As though exhibiting a Dionysian element, Khidr begins as a symbol of the “irrepressible Spirit” ( Anderson 1990. Pg 14) (re: the sudden resurrection of the fish).
Coleman Barks comments on the bridging function of Khidr:
He exists on the edge between the seen and the unseen. When Moses vows to find the place “where the two seas meet,” meaning where the spiritual and the worldly mix, he meets Khidr…Khidr represents the inner dimension which transcends form. He is the personification of the revealing function of the metaphysical intellect, the ‘prophetic soul’. He especially appears to solitaries, those who are cut off from normal channels of spiritual instruction.(In: Barks 1995. Pg 287)
Khidr, in his role as ‘guide’ into the deeper spiritual mysteries, has also been associated with Hermes (Idris): Idris, Enoch, al-Khidr and Hermes all seem to be one person.
This guide al-Khidr initiates Moses into deeply esoteric lore. The ijnaj Ilhami, in Hadith traditions, consider al-Khadir as a holy being, mysterious and immortal whom all spiritual initiatory orders revere as the Master of the Path (Tariqa). Al-Khidr is often mentioned as the Green Angel Guide in Islamic writings. In fact, in Egyptian frescoes he is some times painted green with the head of an ibis.(http://khidr.org/gunawardhana.htm)
Tom Cheetham comments,
In accordance with Islamic iconography, the color of the final stage [in the transformation of the self] is emerald green. For [Henry] Corbin this stage marks the meeting with the heaven Guide, the perfectly individuated and individual Angel of Humanity and Angel of Knowledge that is the biblical Angel of the Face. This is the Figure of whom Mohammad could say: “I have seen my Lord in the most beautiful of forms.” It announces the truth that beauty is the supreme theophany. The Qur’anic source for this Person is Sura XVIII… The seeker is born into his true self through the encounter with Khidr…
...Khidr is a mysterious figure, who acts as Moses’ Guide and initiator into the secret meanings of the Law and the world. He is the archetypal hermeneut whose speech is the lost poetry of Creation. In the Islamic tradition he is identified with the Old Testament figure of Elija. Khidr is the personal guide, and Corbin says, equivalent to the Paraclete and the Hidden Imam, to the Christ of the Cross of Light; he is the Verus Propheta, the inner guide of each person, the celestial Anthropos and Angel of Humanity whose appearance to every person is each time unique.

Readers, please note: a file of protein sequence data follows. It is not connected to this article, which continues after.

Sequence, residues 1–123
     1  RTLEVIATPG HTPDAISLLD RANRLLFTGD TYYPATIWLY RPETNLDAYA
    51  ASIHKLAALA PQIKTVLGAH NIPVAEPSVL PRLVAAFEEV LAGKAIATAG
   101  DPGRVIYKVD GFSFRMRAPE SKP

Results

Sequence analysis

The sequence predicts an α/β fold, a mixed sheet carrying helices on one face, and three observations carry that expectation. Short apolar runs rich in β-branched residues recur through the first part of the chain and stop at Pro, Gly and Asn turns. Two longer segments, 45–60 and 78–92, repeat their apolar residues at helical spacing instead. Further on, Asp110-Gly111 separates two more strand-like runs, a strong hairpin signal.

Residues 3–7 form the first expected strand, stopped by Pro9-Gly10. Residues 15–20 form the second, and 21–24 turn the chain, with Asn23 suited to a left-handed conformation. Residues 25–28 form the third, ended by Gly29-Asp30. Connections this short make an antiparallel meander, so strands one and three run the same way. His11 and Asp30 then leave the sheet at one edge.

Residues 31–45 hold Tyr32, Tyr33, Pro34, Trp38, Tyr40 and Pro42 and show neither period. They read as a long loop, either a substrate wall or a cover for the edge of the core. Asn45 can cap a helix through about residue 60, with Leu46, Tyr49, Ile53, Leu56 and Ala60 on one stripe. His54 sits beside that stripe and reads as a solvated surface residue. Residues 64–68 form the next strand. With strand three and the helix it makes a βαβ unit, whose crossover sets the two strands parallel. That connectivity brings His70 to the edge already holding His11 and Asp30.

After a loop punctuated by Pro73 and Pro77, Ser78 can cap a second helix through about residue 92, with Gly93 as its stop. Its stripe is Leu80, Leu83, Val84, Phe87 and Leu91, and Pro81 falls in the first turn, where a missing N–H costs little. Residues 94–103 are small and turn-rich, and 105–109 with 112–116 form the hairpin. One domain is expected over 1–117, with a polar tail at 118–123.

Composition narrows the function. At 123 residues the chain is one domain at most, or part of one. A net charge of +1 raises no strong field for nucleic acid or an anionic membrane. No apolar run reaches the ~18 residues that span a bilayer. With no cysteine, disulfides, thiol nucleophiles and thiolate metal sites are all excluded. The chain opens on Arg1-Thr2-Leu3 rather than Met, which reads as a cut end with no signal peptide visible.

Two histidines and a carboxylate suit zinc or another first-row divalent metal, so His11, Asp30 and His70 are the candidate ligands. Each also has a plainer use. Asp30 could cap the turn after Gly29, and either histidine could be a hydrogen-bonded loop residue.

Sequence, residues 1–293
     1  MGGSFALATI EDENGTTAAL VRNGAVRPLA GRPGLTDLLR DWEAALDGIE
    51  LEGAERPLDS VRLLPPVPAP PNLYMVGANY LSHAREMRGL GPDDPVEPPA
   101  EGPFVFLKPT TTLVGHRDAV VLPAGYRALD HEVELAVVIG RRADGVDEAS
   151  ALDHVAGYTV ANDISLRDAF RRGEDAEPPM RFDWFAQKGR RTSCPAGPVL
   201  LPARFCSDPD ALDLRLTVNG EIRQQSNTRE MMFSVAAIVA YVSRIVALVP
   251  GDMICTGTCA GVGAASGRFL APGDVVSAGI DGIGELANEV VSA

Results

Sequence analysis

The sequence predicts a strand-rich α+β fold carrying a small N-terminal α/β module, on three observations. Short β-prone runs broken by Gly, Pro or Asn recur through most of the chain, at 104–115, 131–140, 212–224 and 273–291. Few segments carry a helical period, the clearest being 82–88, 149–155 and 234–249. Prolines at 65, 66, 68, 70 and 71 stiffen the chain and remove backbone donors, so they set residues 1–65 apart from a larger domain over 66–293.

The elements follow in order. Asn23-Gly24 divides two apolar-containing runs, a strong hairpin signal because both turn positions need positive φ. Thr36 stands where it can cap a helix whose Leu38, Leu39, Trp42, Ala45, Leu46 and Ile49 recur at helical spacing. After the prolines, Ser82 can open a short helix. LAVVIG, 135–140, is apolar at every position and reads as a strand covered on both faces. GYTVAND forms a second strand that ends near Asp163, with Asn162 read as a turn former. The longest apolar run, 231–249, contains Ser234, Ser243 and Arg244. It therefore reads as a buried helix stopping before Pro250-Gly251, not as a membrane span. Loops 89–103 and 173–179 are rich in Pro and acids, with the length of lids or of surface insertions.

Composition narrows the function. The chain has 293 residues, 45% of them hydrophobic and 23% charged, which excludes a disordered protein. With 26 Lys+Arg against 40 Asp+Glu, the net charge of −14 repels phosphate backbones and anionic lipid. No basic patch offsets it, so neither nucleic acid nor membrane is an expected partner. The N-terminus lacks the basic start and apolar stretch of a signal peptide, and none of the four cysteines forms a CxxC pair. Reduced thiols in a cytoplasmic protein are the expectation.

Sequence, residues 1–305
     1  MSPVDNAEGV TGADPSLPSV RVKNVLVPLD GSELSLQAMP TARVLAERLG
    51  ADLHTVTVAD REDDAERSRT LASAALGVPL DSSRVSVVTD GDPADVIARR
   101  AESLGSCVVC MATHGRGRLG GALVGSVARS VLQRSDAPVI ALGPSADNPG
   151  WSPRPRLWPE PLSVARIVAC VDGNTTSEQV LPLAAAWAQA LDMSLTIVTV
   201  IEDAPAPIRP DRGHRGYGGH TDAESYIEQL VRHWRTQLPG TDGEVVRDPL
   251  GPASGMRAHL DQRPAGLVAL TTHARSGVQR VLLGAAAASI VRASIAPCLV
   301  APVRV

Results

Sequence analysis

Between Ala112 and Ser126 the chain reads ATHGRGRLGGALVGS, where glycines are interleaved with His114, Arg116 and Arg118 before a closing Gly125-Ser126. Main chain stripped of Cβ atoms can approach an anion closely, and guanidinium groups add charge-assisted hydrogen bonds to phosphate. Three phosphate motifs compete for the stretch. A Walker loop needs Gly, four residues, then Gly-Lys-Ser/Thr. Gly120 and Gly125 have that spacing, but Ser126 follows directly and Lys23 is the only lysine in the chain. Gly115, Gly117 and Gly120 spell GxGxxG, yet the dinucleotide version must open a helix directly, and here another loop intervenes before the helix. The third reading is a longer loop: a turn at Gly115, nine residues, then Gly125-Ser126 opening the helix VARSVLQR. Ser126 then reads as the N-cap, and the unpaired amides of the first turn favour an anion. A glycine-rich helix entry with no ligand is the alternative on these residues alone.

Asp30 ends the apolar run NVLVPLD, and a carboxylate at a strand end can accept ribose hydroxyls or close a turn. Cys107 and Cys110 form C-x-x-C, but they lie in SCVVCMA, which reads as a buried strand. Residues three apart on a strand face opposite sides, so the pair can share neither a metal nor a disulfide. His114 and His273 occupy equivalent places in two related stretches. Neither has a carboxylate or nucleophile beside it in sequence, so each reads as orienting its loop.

Llewellyn Vaughan-Lee adds essential insight to what is perhaps the true significance of Khidr:
One of the most important archetypal figures in Sufism is Khidr, ‘the green one.’ Khidr represents direct revelation, the direct inner connection with God that is central to the mystical experience.
…Khidr is not an abstract mystical figure, but an archetype of something essential within us. ‘The Green One’ images a natural aspect of our divinity, something so ordinary that we overlook it. To follow the way of Khidr is to awaken to our own natural state of being with God and with life. In this natural state of being we know how to respond to the real need of the moment.
Reza Shah-Kazemi contextualizes:
According to Ibn Arabi… the encounter between Moses and al-Khidr is understood microcosmically: al-Khidr represents a mode of universal consciousness within the very soul of Moses, one which surpasses his consciousness qua prophet, whence the disapproval by the prophet of the antinomian acts of the saint: ‘He [al-Khidr] showed him [Moses] nothing but his [Moses’] own form: it was his own state that Moses saw, and himself that he censured’. Shah-Kazemi, R. 2006. The Metaphysics of Interfaith Dialogue: Sufi Perspectives on the Universality of the Quranic Message
Jung shared a similar interpretation, albeit within a psychological framework:
Khidr may well be a symbol of the Self. His qualities symbolize him as such; he is said to have been born in a cave i.e. in darkness. He is the “Long-lived One” who continually renews himself, like Elijah. He is analogous to the second Adam… he is a counsellor, a Paraclete, “Brother Khidr.” Anyway, Moses looks up to him for instruction. Then follow these incomprehensible deeds which show how ego-consciousness reacts to the superior guidance of the Self [emphasis mine] through the twists and turns of fate.
To the initiate who is capable of transformation it is a comforting tale; to the obedient believer, an exhortation not to murmur against Allah’s incomprehensible omnipotence. Khidr symbolizes not only the higher wisdom but also a way of acting. Anyone hearing such a mystery tale will recognize himself in the questing Moses and forgetful Joshua. see